How important is Course interpretation?

Question: How important is it really to get the perfect interpretation of the Course? Isn't it more important to do the "work" of the Course?

Answer: I think that because of both human fallibility and the sheer bottomless depths of the Course, a "perfect" interpretation will always elude us—errors are always possible, and there is always more to learn. However, it is clear from the Course's own pages that getting as accurate an interpretation of it as we can is crucial to its program.

This is really obvious if you think about it. If our spiritual path is in the form of a book, the most basic activity of our path is to read the book carefully in order to understand what it is saying to us. And reading any book involves interpretation. Indeed, it is literally impossible to read a book without interpretation, so accurate interpretation is essential if we want to do what the book is trying to tell us. If we don't correctly interpret what the book is saying, how will we even know what kind of further "work" it wants us to do?

Different interpretations will lead to profoundly different versions of what that work is. For example, if I misinterpret the famous injunction "I need do nothing" to mean that I should literally not lift a finger to make a positive difference in the world, then my work will be—well, doing nothing. But if I correctly interpret the line to mean that I should find the quiet center within me—in which I do nothing—and then carry that quiet center with me on "every busy doing on which you are sent" (T-18.VII.8:3) by the Holy Spirit, then my work will be (at least in part) actively helping others as He directs. Quite a difference.

There are a number of places in the Course material where Jesus stresses the importance of correct interpretation and warns against misinterpretation. For example (I've put the references to interpretation in bold):

Miracles are teaching devices for demonstrating that it is more blessed to give than to receive. They simultaneously increase the reserve strength of the giver, and supply the lack of strength in the receiver. Be very careful in interpreting this. (Urtext version of T-1.I.16:1-2)

Everyone who ever tried to use prayer to ask for something has experienced what appears to be failure. This is not only true in connection with specific things that might be harmful, but also in connection with requests that are strictly in line with this course. The latter in particular might be incorrectly interpreted as "proof" that the course does not mean what it says. You must remember, however, that the course states, and repeatedly, that its purpose is the escape from fear. (T-9.II.1:1-4)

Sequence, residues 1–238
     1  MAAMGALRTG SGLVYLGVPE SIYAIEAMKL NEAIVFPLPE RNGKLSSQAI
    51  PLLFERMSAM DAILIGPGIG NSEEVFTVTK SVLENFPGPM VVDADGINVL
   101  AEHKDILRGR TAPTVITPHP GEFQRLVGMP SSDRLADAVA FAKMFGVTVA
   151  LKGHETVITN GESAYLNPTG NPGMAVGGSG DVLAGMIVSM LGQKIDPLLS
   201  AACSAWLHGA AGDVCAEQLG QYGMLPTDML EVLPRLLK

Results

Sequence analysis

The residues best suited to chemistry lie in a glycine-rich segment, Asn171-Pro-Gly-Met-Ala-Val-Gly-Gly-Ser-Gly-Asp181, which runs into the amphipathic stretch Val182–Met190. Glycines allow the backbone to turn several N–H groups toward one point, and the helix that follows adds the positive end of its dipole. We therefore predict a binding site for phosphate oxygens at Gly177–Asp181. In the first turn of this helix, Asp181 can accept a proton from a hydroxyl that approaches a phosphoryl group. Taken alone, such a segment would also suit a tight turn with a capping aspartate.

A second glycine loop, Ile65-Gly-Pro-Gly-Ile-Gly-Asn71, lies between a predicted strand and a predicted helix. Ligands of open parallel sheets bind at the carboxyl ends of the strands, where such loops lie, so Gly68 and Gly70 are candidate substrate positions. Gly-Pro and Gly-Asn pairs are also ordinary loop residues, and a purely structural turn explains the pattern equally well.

This course is perfectly clear. If you do not see it clearly, it is because you are interpreting against it, and therefore do not believe it. (T-11.VI.3:1-2)

Remember your weakness is His strength. But do not read [interpret] this hastily or wrongly. If His strength is in you, what you perceive as your weakness is but illusion. (M-29.7:2-4)

Accurate interpretation of the Course requires study, so study is an integral part of the Course's program. Jesus often encouraged Helen and Bill to "study the notes" (Absence from Felicity, p. 258). The Course itself reminds us of the need for "careful study" (T-1.VII.4:3). The vital role this plays in the Course's program is made clear in this passage from the very first paragraph of the Workbook:

A theoretical foundation such as the text provides is necessary as a framework to make the exercises in this workbook meaningful. Yet it is doing the exercises that will make the goal of the course possible. (W-In.1:1-2)

Look at the progression here. First, we need a "theoretical foundation" (an accurate interpretation of theory) to make the exercises in the Workbook meaningful. With this foundation in place, we then do the exercises, which make the goal of the Course possible. Therefore, a theoretical foundation is necessary to make the goal of the Course possible.

Striving to accurately interpret the Course, then, is vital to the Course's path. It is on this foundation that everything else on this path is built. It is thus actually part of the "work" of the Course. Given this, we would do well to really take in these words from Jesus to Helen and Bill: "Bill has very intelligently suggested that you both should set yourself the goal of really studying for this course. There can be no doubt of the wisdom of this decision, for any student who wants to pass it" (Absence from Felicity, p. 285).

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